The original Christchurch Gospel Radio Fellowship ‘Radio Rhema’ station had been joined by a second station in Wellington in late 1978.
‘Turn Your Radio On’ to ‘Radio Avon 12-90 Christchurch City’
Many of the stations had fast become market leaders, the runaway success being Radio Avon, which had destroyed the 3ZB dominance of the Christchurch airwaves. The NZBC fought Radio Avon in 1978 by converting 3ZM into ‘Radio Nova’, attempting an early version of automated programing with a ‘Beautiful Music’ format somewhat similar to that of Radio I in Auckland which was having reasonable success in that market as ‘Easy Listening I’.
‘Nova’ [coincidentally ‘Avon’ spelled backwards] behaved like any exploding star, with a brief moment of listener interest before self destruction and reverting to the rock music played on siblings 1ZM and 2ZM. The automation gear now sits forlornly in a corner of a room alongside Vintage Radio 3XP at the Ferrymead Historic Park in Christchurch.
Radio Hauraki on a high wave
In Auckland, Radio Hauraki with its traditional pop music format was a reasonable ratings performer, and Radio I it’s long time rival from the late 1960’s [when it’s owners bought time on 1ZM] – and with an ‘easy listening’ format – was also popular, especially amongst females. A new station had just appeared on the dial in Manukau City as well, with Radio Pacific and its talk back format. But the NZBC flagship, 1ZB, sailed on with the majority of audience share built around the breakfast show host Merv Smith.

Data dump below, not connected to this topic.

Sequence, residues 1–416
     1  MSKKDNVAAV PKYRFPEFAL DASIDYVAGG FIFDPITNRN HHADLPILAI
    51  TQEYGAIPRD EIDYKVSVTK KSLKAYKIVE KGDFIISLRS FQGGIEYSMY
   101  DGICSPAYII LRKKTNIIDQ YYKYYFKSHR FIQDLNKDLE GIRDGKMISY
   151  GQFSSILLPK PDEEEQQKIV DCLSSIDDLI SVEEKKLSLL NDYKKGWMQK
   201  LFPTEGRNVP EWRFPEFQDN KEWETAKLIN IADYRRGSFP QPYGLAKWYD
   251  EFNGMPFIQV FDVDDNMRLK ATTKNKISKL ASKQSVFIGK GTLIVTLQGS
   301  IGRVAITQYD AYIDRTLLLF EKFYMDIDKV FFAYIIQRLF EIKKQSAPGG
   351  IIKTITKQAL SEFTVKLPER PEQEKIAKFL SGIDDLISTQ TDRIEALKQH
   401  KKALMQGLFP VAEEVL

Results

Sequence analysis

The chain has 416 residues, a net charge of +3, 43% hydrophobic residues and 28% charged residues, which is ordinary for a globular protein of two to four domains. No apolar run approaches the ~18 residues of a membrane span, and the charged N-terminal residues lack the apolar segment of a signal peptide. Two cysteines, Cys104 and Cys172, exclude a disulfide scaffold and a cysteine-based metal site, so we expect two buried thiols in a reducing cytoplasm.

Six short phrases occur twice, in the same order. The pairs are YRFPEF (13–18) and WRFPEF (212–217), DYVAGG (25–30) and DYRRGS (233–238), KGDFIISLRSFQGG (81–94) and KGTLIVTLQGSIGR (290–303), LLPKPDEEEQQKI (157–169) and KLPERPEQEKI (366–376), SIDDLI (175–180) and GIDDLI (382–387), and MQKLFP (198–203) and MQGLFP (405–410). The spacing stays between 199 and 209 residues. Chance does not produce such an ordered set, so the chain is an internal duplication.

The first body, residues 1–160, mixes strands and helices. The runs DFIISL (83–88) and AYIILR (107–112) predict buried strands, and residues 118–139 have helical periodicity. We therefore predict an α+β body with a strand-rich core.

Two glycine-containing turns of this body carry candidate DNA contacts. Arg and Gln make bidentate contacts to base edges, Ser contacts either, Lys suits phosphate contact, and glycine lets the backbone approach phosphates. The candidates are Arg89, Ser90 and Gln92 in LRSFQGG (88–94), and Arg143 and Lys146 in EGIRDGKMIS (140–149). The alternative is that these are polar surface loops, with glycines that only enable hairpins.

Blowing Up from the South
In Wellington, Radio Windy was ‘blowing your way’ and doing a good job blowing away chunks of audience from 2ZB and 2ZM. However, the difficulties of establishing a strong signal over the hilly metro area contributed to holding the station back from the sustained pre-eminence that Radio Avon enjoyed in the pancake flat Christchurch market.
In Dunedin, Radio Otago – fresh from successfully challenging 4ZB in the city – was planning an assault on the Central Otago heartland held by 4ZB’s partial repeaters in Alexandra and Queenstown. In Hamilton, Radio Waikato also had ambitious plans for a network of stations, in their case stretching from the Coromandel to the King Country.